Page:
Derek Tillotson

Thoughts from nearly a decade in retail

Assuming I don’t have a change of scenery by then, this fall I will hit 10 years at the same company. That fact started to hit me earlier this year when we got some bad news at work. As I said in that post, I have no idea what the longer-term future will look like for me. I could be a lifer, I could be out before I hit that anniversary. I’ve greatly wanted both at different times during my career, but right now, I’m more in a holding pattern of “wait, pray, and see what happens.” That’s not to say that I’m not going to put my whole effort into my work—I don’t feel I’m capable of doing much less. That also doesn’t mean I’m not looking elsewhere, however. From where I sit, I don’t see any real downside in searching for other work, provided you’re not letting it impact your current work (that’s also why I’ll never call off just to take an interview).

Still, as I chug along toward the decade mark, I’ve been trying to think back on some of the experiences I’ve had and lessons I’ve learned. I’m fortunate that a lot of my experience has been very different from the typical big-box retail experience. Of course, that also worries me as it makes me feel a lot of the past seven years “doesn’t count” with regard to the rest of the company. Time will tell if those fears are unfounded—they probably are—but for the sake of being honest with myself, I need to admit they exist.

Even if I were to find out that most of my recent experience doesn’t translate well to “normal” retail, that doesn’t mean I haven’t learned anything.

1) After a certain point, it’s hard to not be emotionally attached to the job. This is a bit of a double-edged sword. The successes feel great, but the mistakes and failures have a tendency to eat away at me for a long period of time. I’ve had more than a few times where things have gone poorly, and I get stuck thinking about it for a week. It’s been one of the biggest things I’ve had to work on over the years. It gets easier, but it’s still a practice.

2) A lot of people just want to show up, work, get paid, and leave. In some ways, I envy them. Workforces need those folks. They won’t be fooled by the “carrot dangling from a stick” gimmick, because they don’t care about the carrot. A good team needs someone to lead this type of worker, but if most of a team fits this description, you could do worse. An added lesson: Points 1 and 2 are mutually exclusive.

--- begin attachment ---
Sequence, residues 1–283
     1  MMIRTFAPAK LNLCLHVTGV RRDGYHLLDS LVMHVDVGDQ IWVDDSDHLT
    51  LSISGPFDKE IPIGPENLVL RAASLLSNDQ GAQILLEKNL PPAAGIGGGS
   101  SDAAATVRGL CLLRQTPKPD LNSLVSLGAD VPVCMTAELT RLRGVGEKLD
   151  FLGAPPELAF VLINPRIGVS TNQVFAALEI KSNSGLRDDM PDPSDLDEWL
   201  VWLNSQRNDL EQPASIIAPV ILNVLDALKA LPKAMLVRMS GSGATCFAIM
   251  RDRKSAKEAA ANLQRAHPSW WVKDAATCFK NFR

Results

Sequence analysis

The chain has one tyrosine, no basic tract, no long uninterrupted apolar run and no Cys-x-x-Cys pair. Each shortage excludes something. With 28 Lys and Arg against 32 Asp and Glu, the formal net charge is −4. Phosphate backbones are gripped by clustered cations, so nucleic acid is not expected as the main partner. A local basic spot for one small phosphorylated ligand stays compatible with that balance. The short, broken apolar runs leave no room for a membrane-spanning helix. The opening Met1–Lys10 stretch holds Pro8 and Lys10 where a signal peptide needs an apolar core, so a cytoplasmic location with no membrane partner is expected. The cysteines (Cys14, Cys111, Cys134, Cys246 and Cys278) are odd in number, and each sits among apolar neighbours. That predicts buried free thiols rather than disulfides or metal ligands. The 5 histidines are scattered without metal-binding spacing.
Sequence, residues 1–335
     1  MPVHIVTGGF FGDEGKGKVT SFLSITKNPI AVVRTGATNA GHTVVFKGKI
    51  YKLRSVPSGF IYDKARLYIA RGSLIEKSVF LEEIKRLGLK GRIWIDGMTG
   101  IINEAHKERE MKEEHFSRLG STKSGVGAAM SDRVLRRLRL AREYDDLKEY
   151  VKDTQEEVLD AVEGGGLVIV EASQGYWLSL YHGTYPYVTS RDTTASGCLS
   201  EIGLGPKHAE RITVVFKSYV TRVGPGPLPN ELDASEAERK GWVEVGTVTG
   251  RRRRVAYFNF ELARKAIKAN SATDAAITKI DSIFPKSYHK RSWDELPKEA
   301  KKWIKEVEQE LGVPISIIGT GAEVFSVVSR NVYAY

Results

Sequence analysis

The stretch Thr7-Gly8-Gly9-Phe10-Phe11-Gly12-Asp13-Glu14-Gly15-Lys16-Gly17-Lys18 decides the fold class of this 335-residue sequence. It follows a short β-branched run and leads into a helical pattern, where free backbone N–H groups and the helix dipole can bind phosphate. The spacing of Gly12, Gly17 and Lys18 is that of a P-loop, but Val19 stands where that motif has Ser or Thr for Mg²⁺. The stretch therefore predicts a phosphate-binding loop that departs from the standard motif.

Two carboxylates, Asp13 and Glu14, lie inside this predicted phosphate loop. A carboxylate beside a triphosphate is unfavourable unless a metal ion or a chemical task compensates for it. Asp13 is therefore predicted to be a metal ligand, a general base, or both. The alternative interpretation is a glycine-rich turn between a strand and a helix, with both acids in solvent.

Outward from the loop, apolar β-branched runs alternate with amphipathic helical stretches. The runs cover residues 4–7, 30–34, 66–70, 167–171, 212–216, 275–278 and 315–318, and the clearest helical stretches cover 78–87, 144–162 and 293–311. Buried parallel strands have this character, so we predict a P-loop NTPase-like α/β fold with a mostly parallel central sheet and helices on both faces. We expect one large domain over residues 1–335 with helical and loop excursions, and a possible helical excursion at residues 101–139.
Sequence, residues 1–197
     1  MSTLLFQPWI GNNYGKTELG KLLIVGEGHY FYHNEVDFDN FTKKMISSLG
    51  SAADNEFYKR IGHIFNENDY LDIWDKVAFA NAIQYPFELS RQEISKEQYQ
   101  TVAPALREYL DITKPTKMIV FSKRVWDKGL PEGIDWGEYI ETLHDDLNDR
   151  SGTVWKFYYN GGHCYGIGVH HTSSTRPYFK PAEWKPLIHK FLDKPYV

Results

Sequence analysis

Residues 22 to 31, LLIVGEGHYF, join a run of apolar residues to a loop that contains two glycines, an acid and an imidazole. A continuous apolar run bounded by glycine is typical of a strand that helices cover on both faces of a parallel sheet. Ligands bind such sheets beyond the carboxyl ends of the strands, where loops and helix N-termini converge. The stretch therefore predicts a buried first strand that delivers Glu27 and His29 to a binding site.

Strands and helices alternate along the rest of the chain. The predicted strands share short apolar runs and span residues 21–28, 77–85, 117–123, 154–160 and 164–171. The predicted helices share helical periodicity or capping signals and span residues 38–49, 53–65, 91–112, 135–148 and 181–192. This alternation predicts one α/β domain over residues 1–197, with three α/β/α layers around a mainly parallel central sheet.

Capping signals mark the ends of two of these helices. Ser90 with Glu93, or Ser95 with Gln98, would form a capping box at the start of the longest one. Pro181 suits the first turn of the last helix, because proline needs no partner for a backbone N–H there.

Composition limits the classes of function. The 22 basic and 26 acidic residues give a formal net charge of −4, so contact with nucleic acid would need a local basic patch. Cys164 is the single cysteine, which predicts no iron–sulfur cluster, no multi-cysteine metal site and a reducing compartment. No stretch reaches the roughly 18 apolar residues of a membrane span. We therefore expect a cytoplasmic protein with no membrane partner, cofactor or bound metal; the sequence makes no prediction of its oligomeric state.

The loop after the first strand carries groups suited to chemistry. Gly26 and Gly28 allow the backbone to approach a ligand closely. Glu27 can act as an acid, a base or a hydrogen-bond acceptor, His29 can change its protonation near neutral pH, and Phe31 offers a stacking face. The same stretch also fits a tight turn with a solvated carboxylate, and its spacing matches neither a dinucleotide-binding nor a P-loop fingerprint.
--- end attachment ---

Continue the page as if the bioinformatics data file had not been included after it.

3) Passion is only a bonus; it is not a trait that defines fit. For a lot of people who feel as if they’re underachieving (I know that feeling too well), it can be easy to think “I’m passionate about my job and love this company, why can’t I get an opportunity?” I’ve caught myself thinking that exact line a few times over the years. The way I’ve come to understand the answer is: Passion can be like a tie-breaker of sorts, but a passionate worker who is terrible at his job is still going to be a terrible fit.

4) If loyalty is not reciprocated, it won’t last. I’ve seen and felt this one many times before. I think it’s something everyone sees at some point. You get a worker who excels at his job only to be stuck in the same role for years. After a certain point, he’ll no longer reach out for opportunity and eventually he’ll move on altogether. I’ve never been fortunate enough to be in a position with hiring/firing/promoting power, but I’ve learned that if the same worker keeps knocking, he’s not going to knock forever.

5-6) Two types of negative chatter need to be stopped immediately: Gossip and negativity. Gossip brings nothing positive. When a work culture starts getting infected by gossip, the only place for quality of work to go is down. And even those of us who try to avoid gossip will often fail in that endeavor. As for negativity, it’s one thing to bring up problems and complaints when it involves legitimate work concerns. But if an employee starts frequently complaining about things like dress codes or the break room layout, that may be cause for concern. Frequent complaints about little things often snowballs into bigger things.

7) Retail is a revolving door. I’ve forgotten more coworkers than I remember at this point. And while I still regularly see others I’ve known for years, it’s not uncommon for someone to just not be around anymore or for a bunch of new people starting. In some ways, this makes it hard to get close to new coworkers. But it also makes it much easier to appreciate the folks who have been around for ages.